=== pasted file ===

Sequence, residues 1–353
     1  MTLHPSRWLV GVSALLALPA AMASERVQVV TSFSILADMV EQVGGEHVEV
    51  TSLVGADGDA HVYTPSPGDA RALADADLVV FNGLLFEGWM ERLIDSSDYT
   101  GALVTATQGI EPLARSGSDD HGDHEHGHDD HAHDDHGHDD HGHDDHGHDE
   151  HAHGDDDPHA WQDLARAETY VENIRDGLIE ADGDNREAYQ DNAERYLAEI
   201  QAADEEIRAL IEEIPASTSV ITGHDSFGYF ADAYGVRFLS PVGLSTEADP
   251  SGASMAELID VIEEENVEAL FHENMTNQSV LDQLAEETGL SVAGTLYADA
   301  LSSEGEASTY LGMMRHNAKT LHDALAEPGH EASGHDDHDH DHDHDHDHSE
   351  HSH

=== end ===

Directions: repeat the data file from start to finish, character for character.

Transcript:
Sequence, residues 1–353
     1  MTLHPSRWLV GVSALLALPA AMASERVQVV TSFSILADMV EQVGGEHVEV
    51  TSLVGADGDA HVYTPSPGDA RALADADLVV FNGLLFEGWM ERLIDSSDYT
   101  GALVTATQGI EPLARSGSDD HGDHEHGHDD HAHDDHGHDD HGHDDHGHDE
   151  HAHGDDDPHA WQDLARAETY VENIRDGLIE ADGDNREAYQ DNAERYLAEI
   201  QAADEEIRAL IEEIPASTSV ITGHDSFGYF ADAYGVRFLS PVGLSTEADP
   251  SGASMAELID VIEEENVEAL FHENMTNQSV LDQLAEETGL SVAGTLYADA
   301  LSSEGEASTY LGMMRHNAKT LHDALAEPGH EASGHDDHDH DHDHDHDHSE
   351  HSH